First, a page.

With the new school year quickly approaching, I am sure many of you, as I am, are dreading the start of big assignments and deadlines. It is easy to procrastinate when the workload gets stressful, but LIFE Intelligence can help by giving you the tools to beat procrastination by goal-setting and time-management.
Procrastination is a major problem for students and adults: about 70% of students and 20% of adults admit to being procrastinators (Abdi Zarrin & Gracia, 2020; Gort et al., 2021; Wessel et al., 2019). Oftentimes, people procrastinate even though they know it will be detrimental in the long run, mainly because the work itself is stressful (Blake, 2019; Gort et al., 2021). One of the main reasons people procrastinate is fear of failure (Abdi Zarrin & Gracia, 2020); essentially, we cannot fail something if it does not get done. Although this is an understandable way of thinking when dealing with stress and/or anxiety, it is also an irrational one because not doing the work will also lead to failure. Anxiety, poor self-management, and perfectionism (also linked to a fear of failure) are all common traits that lead to procrastination (Grunschel et al., 2018).
Zimmerman outlines the self-regulatory process in 3 phases (Grunschel et al., 2018):
One of the best ways to improve self-regulation is with metacognition—considering which strategies work best for you (Santelmann et al., 2018). Reflect back on the previous list of strategies and try a few until you find one, or a few, that work best for you and help you be more productive. Metacognitive students have been shown to be more successful, get higher grades, and reach their goals (Santelmann et al., 2018)!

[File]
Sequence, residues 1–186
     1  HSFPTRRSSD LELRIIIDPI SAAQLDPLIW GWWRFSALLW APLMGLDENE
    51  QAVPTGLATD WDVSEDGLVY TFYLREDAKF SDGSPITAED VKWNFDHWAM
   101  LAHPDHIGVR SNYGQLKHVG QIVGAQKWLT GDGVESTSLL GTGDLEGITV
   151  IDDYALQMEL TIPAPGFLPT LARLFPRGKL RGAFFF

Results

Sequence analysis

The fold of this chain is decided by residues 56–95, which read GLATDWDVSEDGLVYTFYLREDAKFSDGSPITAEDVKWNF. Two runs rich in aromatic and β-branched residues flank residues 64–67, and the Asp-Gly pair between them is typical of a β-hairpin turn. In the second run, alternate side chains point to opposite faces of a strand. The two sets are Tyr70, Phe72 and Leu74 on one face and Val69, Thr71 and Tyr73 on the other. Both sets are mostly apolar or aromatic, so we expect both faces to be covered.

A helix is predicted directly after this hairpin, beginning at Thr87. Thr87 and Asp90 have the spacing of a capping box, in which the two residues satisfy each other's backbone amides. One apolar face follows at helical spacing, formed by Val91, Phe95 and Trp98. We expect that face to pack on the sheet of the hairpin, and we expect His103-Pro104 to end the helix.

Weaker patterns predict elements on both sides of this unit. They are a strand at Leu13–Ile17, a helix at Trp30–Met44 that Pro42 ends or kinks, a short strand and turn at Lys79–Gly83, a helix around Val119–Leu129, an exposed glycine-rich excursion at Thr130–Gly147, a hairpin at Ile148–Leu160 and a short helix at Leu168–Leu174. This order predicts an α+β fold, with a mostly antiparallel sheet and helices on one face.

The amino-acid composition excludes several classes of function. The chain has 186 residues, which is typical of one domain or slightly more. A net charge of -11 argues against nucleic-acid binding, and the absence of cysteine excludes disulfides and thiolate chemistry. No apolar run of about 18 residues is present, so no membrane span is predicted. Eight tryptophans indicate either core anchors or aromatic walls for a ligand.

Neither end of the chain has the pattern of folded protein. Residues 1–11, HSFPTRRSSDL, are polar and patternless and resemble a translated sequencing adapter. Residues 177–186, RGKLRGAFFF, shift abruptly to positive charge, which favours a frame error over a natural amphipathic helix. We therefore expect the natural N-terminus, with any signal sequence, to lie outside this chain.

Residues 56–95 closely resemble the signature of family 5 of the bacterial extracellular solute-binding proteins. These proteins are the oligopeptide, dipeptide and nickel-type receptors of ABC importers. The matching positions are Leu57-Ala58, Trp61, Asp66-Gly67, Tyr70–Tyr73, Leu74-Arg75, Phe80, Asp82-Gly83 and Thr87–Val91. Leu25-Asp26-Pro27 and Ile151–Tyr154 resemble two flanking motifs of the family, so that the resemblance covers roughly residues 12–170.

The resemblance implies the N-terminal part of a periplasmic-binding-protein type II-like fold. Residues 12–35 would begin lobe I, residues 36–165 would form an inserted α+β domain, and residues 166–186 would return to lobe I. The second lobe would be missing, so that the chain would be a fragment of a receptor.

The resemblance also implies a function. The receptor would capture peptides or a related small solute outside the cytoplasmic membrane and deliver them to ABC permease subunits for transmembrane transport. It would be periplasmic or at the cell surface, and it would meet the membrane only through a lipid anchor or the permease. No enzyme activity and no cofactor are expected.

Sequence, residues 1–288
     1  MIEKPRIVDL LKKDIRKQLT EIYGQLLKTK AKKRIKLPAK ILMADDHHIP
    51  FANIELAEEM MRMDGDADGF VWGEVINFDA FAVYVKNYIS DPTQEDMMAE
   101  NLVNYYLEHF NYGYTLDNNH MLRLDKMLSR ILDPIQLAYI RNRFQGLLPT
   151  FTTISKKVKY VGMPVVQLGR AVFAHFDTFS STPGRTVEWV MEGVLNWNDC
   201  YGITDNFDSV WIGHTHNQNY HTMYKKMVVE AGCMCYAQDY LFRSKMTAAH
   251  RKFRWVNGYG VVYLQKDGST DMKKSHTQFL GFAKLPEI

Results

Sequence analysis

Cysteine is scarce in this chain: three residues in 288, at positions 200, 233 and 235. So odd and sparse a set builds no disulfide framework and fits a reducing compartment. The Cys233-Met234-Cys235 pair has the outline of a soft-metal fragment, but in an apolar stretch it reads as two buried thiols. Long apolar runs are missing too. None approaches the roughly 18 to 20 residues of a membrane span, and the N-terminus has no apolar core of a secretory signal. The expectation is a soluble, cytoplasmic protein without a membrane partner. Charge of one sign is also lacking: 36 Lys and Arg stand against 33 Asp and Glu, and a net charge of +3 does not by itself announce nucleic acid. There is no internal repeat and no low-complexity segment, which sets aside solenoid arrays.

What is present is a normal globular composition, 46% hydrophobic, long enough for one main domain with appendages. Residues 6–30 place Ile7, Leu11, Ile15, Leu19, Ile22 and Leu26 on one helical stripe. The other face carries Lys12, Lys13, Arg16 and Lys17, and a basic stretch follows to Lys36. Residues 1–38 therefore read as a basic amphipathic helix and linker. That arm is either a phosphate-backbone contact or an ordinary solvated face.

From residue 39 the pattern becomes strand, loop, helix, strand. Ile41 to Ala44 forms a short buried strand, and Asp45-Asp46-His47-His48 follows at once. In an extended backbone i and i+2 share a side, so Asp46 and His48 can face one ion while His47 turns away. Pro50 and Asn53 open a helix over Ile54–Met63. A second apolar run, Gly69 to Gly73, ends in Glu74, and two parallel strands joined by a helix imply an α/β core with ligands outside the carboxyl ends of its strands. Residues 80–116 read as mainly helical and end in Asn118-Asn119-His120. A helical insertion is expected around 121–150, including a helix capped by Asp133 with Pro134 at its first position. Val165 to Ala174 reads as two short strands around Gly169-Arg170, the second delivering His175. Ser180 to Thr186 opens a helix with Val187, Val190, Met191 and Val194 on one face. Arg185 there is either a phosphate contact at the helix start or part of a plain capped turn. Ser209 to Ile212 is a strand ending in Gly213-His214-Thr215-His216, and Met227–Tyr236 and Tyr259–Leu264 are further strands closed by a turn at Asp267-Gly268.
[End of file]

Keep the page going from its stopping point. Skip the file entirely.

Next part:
Procrastination is an extremely common habit that we have all given into at one time or another. However, putting off the stress of assignments can lead to increased stress later on with the added pressure of upcoming deadlines. Use these strategies to stop procrastinating and download LIFE Intelligence for more information on how to break down large goals by managing your time efficiently. Mission 3.3 can help you plan for future goals by forming healthy habits, such as beating procrastination, and setting realistic goals.
Abdi Zarrin, S., & Gracia, E. (2020). Prediction of Academic Procrastination by Fear of Failure and Self-Regulation. Educational Sciences: Theory and Practice, 20(3), 34–43. http://dx.doi.org/10.12738/jestp.2020.3.003
Blake, A. (2019). The Procrastination Equation: How to Stop Putting Things Off and Start Getting Stuff Done, Steel, Piers. Performance Improvement, 58(3), 34–37. https://doi.org/10.1002/pfi.21314
Gort, C., Marcusson-Clavertz, D., & Kuehner, C. (2021). Procrastination, Affective State, Rumination, and Sleep Quality: Investigating Reciprocal Effects with Ambulatory Assessment. Journal of Rational-Emotive & Cognitive-Behavior Therapy, 39(1), 58. https://doi.org/10.1007/s10942-020-00353-4
Grunschel, C., Patrzek, J., Klingsieck, K. B., & Fries, S. (2018). “I’ll stop procrastinating now!” Fostering specific processes of self-regulated learning to reduce academic procrastination. Journal of Prevention & Intervention in the Community, 46(2), 143–157. https://doi.org/10.1080/10852352.2016.1198166
Santelmann, L. M., Stevens, D. D., & Martin, S. B. (2018). Fostering Master’s Students’ Metacognition and Self-Regulation Practices for Research Writing. College Teaching, 66(3), 111–123. https://doi.org/10.1080/87567555.2018.1446898
Wessel, J., Bradley, G. L., & Hood, M. (2019). Comparing effects of active and passive procrastination: A field study of behavioral delay. Personality and Individual Differences, 139, 152–157. https://doi.org/10.1016/j.paid.2018.11.020